beliefs to some of her students that she has picked out as "Miss
    Brodie's set". (This obviously now reminds one of "Jerry's Kids".
    perhaps a not-inapt comparison.) One suspects she chooses "her"
    girls as the ones most suggestible, or useful to her.

    And of course, she sees herself, and her girls, as not constrained
    by societal rules or morality. (Of one, she says, "She is above
    the common moral code, it does not apply to her." Miss Brodie has
    had a sequence of lovers, and sees no problem with trying to get
    one of them to take a sixteen(?)-year-old girl as his next lover.
    But they have to follow her rules; for example, she criticizes one
    girl for opening the window more than the six inches she deems
    appropriate, and another for having her sleeves rolled up.

    And of course the theme is timeless--throughout history charismatic
    egotists have manipulated people to their own ends (which made just
    be to gain a feeling of power). One might argue that the notion of
    teachers inculcating their ideas and beliefs into their students,
    independent of what the government or school administration might
    want, but the idea go back as far as Socrates, tried and executing
    for corrupting his students, the youth of Athens.

    Spark has an unusual writing style. Her narrative jumps around in
    time, not just be having flashbacks in an otherwise straight
    timeline, but by jumping forward as well as backward, and having
    these jump not in their own chronological order. She also uses a
    technique reminiscent of Homeric poetry, where she has a
    descriptive phrase that is frequently (but not always) attached to
    the various girls. For example, one girl is frequently described
    as "famous for sex" even when that is irrelevant. Another has her
    mathematical ability cited. One is a gymnast, and at one point
    Miss Brodie orders her to perform some somersaults to entertain the
    other girls--yet another example of Miss Brodie's dictatorial bent.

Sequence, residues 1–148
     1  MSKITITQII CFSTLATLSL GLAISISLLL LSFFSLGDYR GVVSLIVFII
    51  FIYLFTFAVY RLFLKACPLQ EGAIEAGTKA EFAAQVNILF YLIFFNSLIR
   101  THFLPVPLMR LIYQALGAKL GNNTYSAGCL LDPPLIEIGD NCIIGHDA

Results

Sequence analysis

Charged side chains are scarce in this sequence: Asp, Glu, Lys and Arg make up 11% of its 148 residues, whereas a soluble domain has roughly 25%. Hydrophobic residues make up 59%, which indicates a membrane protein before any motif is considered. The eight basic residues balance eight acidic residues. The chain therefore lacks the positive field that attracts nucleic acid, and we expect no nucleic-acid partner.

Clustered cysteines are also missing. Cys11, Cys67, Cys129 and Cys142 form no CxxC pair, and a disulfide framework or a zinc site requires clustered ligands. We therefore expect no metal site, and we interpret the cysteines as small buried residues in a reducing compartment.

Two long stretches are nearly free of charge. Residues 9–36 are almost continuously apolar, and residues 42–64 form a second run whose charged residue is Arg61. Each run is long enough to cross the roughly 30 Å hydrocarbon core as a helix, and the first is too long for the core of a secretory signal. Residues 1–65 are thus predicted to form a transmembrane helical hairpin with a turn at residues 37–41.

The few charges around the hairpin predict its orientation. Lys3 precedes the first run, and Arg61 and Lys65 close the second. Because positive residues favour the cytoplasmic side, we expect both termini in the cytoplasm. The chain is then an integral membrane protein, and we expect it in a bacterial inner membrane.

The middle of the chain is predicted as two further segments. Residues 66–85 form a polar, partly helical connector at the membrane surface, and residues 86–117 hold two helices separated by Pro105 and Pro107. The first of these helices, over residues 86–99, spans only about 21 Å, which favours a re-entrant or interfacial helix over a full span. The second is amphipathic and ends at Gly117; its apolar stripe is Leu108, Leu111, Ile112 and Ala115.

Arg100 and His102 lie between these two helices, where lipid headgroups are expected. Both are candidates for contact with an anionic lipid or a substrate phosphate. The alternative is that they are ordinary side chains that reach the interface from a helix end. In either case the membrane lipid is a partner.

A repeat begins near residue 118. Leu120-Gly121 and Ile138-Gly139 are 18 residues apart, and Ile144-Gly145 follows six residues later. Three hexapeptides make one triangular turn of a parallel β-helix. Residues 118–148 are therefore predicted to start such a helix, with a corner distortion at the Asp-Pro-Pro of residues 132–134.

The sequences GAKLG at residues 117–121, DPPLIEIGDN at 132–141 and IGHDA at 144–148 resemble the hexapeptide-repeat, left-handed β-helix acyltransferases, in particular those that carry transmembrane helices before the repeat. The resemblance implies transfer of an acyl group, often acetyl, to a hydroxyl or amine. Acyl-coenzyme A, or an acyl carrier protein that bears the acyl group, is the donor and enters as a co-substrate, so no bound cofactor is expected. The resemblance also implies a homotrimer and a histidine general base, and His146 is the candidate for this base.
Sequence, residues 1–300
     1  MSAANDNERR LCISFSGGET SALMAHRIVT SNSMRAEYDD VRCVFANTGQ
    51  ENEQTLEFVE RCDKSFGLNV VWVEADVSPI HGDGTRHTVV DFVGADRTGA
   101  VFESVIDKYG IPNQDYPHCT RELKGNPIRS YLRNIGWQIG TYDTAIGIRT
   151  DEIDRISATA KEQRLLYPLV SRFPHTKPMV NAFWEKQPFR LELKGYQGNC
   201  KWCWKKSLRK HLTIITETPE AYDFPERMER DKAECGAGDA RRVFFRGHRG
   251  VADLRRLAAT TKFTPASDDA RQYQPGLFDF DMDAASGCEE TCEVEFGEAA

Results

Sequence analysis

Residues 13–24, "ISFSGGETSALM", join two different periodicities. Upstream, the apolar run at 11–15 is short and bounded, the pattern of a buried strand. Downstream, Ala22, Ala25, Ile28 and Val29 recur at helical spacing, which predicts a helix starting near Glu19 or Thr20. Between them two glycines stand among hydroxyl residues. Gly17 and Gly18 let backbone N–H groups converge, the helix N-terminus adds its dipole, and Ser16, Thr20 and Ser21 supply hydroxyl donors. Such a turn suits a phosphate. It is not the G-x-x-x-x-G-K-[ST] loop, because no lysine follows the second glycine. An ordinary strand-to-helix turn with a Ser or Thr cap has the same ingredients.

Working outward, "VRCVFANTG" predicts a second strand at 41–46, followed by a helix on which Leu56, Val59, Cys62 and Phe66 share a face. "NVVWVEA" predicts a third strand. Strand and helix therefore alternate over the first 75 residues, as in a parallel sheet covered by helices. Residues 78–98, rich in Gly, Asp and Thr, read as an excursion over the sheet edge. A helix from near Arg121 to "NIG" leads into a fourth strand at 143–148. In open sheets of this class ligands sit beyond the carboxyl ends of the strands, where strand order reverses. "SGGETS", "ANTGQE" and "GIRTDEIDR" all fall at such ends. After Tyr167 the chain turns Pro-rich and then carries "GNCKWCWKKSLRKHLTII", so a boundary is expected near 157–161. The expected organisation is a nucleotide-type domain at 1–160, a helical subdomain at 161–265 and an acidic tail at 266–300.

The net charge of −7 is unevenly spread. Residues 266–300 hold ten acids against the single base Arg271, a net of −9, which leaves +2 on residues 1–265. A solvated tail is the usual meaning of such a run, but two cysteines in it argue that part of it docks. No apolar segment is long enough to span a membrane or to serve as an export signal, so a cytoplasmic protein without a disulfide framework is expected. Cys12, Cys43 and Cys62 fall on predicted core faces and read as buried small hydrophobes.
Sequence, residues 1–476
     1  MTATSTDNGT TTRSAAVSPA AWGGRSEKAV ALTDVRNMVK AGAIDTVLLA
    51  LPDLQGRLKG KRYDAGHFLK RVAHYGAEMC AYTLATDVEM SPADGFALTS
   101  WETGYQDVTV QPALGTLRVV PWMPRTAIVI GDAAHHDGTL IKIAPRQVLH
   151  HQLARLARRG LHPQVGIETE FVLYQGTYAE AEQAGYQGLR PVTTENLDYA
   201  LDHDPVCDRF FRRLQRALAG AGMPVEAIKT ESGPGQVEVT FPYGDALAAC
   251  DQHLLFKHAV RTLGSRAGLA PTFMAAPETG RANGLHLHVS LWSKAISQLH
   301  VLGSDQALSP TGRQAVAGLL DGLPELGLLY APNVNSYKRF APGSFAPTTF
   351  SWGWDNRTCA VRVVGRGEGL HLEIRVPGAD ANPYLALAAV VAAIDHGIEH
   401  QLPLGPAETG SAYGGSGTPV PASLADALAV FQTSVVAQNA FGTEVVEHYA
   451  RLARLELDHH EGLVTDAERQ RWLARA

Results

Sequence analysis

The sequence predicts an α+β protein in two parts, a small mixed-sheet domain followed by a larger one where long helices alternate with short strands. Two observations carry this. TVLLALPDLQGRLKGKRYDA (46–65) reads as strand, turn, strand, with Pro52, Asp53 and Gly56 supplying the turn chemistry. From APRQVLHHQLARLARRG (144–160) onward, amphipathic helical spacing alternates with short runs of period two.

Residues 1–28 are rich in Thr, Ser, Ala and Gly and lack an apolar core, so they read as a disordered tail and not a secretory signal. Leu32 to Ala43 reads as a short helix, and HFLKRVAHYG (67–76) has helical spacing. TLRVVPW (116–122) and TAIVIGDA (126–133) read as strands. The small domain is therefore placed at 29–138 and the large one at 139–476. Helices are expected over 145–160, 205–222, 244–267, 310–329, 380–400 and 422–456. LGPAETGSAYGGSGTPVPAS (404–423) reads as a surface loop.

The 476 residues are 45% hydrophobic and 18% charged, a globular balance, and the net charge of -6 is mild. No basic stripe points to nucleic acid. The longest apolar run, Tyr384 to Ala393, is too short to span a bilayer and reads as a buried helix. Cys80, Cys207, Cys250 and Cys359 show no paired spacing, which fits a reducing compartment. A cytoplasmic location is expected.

(Significantly, in the book it is not any immorality on Miss
    Brodie's part that causes her downfall, but her politics.)

    The book is good (and was named one of the "Top 100
    English-Language Novels of the 20th Century" by the Modern
    Library), but the 1969 film is great. [-ecl]


    Mark Leeper

    All bad poetry springs from genuine feeling.
    --Oscar Wilde

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  • From Gary McGath@21:1/5 to eleeper@optonline.net on Mon Oct 24 05:51:11 2022
    On 10/23/22 9:34 AM, eleeper@optonline.net wrote:

    TOPIC: GATTACA (film review by Mark R. Leeper)

    [In honor of GATTACA's 25th anniversary on October 24, here is
    Mark's original review of that film.]

    One wonders how so inaccurate a test could be
    accepted without question by a society, particularly after age of
    civil rights and civil liberties advances.

    I loved the movie and don't find it difficult to believe that a future
    society would find new things to fetishize. The society portrayed there
    didn't strike me as particularly strong on civil liberties. It appeared
    very conformist.

    Gary McGath http://www.mcgath.com

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  • From Joy Beeson@21:1/5 to garym@REMOVEmcgathREMOVE.com on Sat Nov 5 20:53:26 2022
    On Mon, 24 Oct 2022 05:51:11 -0400, Gary McGath
    <garym@REMOVEmcgathREMOVE.com> wrote:

    The society portrayed there
    didn't strike me as particularly strong on civil liberties. It appeared
    very conformist.

    We are headed there in a handbasket.

    Joy (I've been off-line for a while) Beeson
    joy beeson at centurylink dot net